The Free Press
The fraternity of college hockey coaches is a small one, and those who are or who have been part of the Western Collegiate Hockey Association form an even smaller, exclusive club.
That group, in its current format, is about to begin its final season together before being broken up into new leagues. But any talk of the Big Ten and the National Collegiate Hockey Conference was put aside during a during a conference call on Tuesday morning involving the WCHA coaches.
Each coach got a chance to talk about this year’s teams, but most started their statements by first welcoming new Minnesota State coach Mike Hastings to their club.
“It’s great to have Hasty in the league,” Bemidji State coach Tom Serratore said. “He’s a great coach and a good man. It will be fun to coach against Hasty.”
It didn’t take long to figure out how small the college hockey world really is, as some of them talked about their connections with Hastings. They must have known it was only a matter of time before he joined them.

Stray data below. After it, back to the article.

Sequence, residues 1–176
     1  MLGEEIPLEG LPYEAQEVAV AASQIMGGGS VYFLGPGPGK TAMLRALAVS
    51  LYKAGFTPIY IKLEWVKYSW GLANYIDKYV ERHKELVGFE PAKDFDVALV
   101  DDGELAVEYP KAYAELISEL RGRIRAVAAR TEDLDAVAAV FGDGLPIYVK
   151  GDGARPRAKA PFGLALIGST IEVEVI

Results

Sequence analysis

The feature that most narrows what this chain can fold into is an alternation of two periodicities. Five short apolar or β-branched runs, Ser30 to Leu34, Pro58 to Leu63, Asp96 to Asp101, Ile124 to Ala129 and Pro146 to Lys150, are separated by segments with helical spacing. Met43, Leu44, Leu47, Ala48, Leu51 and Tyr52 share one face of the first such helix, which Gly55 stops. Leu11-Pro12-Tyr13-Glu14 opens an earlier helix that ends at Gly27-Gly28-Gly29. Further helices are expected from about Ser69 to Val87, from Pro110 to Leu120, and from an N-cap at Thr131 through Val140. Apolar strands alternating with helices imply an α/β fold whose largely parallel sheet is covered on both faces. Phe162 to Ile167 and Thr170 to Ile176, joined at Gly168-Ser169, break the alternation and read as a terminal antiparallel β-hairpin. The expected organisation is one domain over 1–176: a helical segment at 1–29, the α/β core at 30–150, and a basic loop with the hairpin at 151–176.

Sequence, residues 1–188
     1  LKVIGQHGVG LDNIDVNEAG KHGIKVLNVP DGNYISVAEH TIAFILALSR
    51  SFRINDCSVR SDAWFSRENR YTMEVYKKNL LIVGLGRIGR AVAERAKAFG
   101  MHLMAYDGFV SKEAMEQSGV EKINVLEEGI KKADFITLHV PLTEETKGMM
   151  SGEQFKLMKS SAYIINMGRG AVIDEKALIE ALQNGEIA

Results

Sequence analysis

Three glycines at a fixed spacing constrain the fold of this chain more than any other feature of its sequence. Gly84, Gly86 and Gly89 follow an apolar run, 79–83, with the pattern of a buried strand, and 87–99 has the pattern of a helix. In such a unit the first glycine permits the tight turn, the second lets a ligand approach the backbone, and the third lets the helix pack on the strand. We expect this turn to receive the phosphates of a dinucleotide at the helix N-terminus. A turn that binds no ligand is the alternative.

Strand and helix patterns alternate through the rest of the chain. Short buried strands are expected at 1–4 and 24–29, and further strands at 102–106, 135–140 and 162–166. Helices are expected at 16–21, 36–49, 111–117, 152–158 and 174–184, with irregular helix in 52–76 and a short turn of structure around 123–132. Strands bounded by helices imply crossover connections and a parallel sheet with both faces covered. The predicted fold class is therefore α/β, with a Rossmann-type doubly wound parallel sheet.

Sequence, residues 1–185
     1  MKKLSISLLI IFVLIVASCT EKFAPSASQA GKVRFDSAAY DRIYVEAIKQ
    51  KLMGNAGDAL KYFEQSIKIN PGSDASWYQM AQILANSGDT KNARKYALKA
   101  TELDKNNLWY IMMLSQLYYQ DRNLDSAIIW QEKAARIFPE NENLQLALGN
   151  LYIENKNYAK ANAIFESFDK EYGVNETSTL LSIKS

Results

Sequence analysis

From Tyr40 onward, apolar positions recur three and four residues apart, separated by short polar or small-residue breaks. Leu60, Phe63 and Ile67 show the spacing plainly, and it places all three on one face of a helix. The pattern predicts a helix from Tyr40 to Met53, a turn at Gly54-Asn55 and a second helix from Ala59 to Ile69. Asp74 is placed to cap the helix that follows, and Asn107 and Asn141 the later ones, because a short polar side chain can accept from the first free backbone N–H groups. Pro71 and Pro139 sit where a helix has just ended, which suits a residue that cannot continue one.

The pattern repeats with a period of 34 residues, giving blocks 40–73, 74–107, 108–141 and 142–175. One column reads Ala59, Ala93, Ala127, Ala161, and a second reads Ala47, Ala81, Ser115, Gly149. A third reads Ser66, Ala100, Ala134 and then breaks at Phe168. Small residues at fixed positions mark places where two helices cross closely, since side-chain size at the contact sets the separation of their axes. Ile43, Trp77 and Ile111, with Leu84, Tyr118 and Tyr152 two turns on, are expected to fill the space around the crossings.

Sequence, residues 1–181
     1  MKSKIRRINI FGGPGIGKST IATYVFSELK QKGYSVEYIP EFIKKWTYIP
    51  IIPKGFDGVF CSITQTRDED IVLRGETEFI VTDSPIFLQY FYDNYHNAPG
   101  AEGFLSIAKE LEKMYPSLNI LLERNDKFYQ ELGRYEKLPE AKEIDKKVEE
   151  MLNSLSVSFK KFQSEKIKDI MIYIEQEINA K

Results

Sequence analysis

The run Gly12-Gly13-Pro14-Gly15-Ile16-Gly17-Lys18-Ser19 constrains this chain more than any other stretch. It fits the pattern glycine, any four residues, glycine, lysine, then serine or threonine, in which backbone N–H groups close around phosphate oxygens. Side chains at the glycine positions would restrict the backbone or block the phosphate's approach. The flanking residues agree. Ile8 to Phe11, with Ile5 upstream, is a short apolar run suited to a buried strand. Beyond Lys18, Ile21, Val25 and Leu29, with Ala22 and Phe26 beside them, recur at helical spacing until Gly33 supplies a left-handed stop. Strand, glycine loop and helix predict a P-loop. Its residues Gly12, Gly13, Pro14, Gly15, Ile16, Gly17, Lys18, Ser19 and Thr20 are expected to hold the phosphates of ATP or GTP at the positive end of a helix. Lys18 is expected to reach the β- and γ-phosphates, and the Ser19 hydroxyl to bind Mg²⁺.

Hastings worked as an assistant for Minnesota’s Don Lucia and Nebraska Omaha’s Dean Blais over the last four years. Wisconsin’s Mike Eaves was an assistant coach at St. Cloud State when Hastings played there in the ’80s, and Serratore was an assistant coach there with Hastings in 1993-94. The Huskies’ current coach, Bob Motzko, went to school with Hastings there.
“It’s good to see him back where he belongs, running his own program,” Motzko said.
Even Colorado College coach Scott Owens got into the act, mentioning his rivalry with Hastings when the two faced each other as successful junior coaches in the United States Hockey League. Owens coached at Des Moines, while Hastings was in Omaha.
When Hastings was in the USHL, of course, many of those coaches recruited his players.
“It’s a privilege to be part of the WCHA and to be back with a lot of people I consider friends, competing against them,” Hastings said on Tuesday’s call.
The WCHA coaches made sure they didn’t leave out Hastings’ predecessor, expressing kind words for Troy Jutting, who ended up as an assistant coach for Blais at Nebraska Omaha.
Blais joked that he has one of the best fishermen in the league in Jutting but added that “I couldn’t think of a better guy” for the job. “He seemed to be a perfect fit for us, especially with our young players,” Blais said.
Said Denver’s George Gwozdecky: “It’s going to be great to have (Hastings) at Mankato, and Troy Jutting is remaining with us, and that’s a good thing.”
College hockey’s regular season begins on Friday night, and Minnesota State’s first conference games begin two weeks later at St. Cloud State.
At that point, the kinds words stop, and the club gets a little more competitive.
Shane Frederick is a Free Press staff writer. Read his blog at mankatofreepresshockey.blogspot.com, and follow him on Twitter @puckato.